ENTREP 7022OL - Creativity and Innovation

Online - Quadmester 2 - 2017

Individual and group creativity; barriers to creativity and approaches for overcoming these; methods for generating or recognising ideas; alternatives or possibilities to solve commercial or operational problems; turning creativity into innovation that benefits the customer and the business venture; bringing creativity and innovation into the organisation and building an environment to support these activities; creative scenarios for the future for the organisation.

  • General Course Information
    Course Details
    Course Code ENTREP 7022OL
    Course Creativity and Innovation
    Coordinating Unit Entrepreneurship, Commercialisation & Innov Centre
    Term Quadmester 2
    Level Postgraduate Coursework
    Location/s Online
    Units 3
    Contact Approx 4 hours per week over 10 weeks (interaction and preparation)
    Available for Study Abroad and Exchange
    Assumed Knowledge ENTREP 5016
    Assessment Assignments, forum participation
    Course Staff

    Course Coordinator: Professor Paul Steffens

    Program Director Contact Details:
    Innovation and Entrepreneurship (PG)
    Name: Prof Paul Steffens
    Phone: +61 8 8313 7512
    Email: paul.steffens@adelaide.edu.au

    Teaching Staff:
    Dr Gerard Reed

    Short Bio:
    Gerard Reed completed a Bachelor of Arts degree at the University of New South Wales where he studied Theatre, History, Politics, Film, and Religion. Gerard holds a Master of Arts degree from the University of the Arts, London where he further developed his interest in the history and production of independent film and documentary. Gerard also completed a Master of Entrepreneurship degree and PhD at ECIC with a particular focus on screen business and is co-founder of a digital and screen production company.

    Email: gerard.reed@adelaide.edu.au
    Course Timetable

    The full timetable of all activities for this course can be accessed from Course Planner.

    Monday 10th April 2017 to Sunday 18th June 2017

  • Learning Outcomes
    Course Learning Outcomes

    On successful completion of this course, students will be able to:

    1 Explain the nature of creativity and innovation
    2 Explore, develop and demonstrate their creativity
    3 Identify ways of eliminating barriers to creativity
    4 Identify ways to turn creativity into insights, ideas, opportunities and action
    5 Illustrate how to bring creativity and innovation into an organisation
    6 Articulate how to manage creativity and innovation in an organisational context
    University Graduate Attributes

    This course will provide students with an opportunity to develop the Graduate Attribute(s) specified below:

    University Graduate Attribute Course Learning Outcome(s)
    Deep discipline knowledge
    • informed and infused by cutting edge research, scaffolded throughout their program of studies
    • acquired from personal interaction with research active educators, from year 1
    • accredited or validated against national or international standards (for relevant programs)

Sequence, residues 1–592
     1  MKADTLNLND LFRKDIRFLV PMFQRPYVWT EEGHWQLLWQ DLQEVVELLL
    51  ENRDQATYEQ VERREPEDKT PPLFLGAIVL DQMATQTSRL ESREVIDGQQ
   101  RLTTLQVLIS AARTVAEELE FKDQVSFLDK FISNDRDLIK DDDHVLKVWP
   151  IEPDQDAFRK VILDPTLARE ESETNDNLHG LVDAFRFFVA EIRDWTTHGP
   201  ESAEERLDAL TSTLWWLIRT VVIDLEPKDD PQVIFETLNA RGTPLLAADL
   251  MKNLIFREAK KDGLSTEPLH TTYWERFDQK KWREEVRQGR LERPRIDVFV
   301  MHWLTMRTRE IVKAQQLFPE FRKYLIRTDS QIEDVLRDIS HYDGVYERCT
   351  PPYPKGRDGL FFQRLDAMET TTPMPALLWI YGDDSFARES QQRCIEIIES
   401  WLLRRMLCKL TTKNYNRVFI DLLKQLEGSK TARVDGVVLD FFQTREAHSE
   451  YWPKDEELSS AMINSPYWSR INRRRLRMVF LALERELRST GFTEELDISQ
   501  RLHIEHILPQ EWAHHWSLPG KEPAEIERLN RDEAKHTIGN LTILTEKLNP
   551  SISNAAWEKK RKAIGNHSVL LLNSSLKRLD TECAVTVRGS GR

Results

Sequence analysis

1, 2
    Critical thinking and problem solving
    • steeped in research methods and rigor
    • based on empirical evidence and the scientific approach to knowledge development
    • demonstrated through appropriate and relevant assessment
    1, 2, 3
    Teamwork and communication skills
    • developed from, with, and via the SGDE
    • honed through assessment and practice throughout the program of studies
    • encouraged and valued in all aspects of learning
    3, 4
    Career and leadership readiness
    • technology savvy
    • professional and, where relevant, fully accredited
    • forward thinking and well informed
    • tested and validated by work based experiences
    4, 5, 6
    Intercultural and ethical competency
    • adept at operating in other cultures
    • comfortable with different nationalities and social contexts
    • able to determine and contribute to desirable social outcomes
    • demonstrated by study abroad or with an understanding of indigenous knowledges
    1 ,2, 3
    Self-awareness and emotional intelligence
    • a capacity for self-reflection and a willingness to engage in self-appraisal
    • open to objective and constructive feedback from supervisors and peers
    • able to negotiate difficult social situations, defuse conflict and engage positively in purposeful debate
    1, 2, 4
  • Learning Resources
    Required Resources
    Zander, Rosamund Stone and Benjamin Zander (2000), The Art of Possibility, Boston: Harvard Business School Press.

    Lightman, A. P (1993), Einstein's dreams, New York: Pantheon Books.

    Senor, D., & Singer, S. (2009), Start-up nation: The story of Israel's economic miracle, New York: Twelve.
    Recommended Resources

    De Bono, E 2016, Parallel Thinking, Vermilion / Ebury Publishing, London.

    Library Resources
    The University of Adelaide’s Barr Smith Library provides a range of learning resources including texts, journals, periodicals, magazines, and access to online databases and information services. It also offers a virtual library which is accessible via the University’s website. Access to the Library's electronic resources.

    Online Learning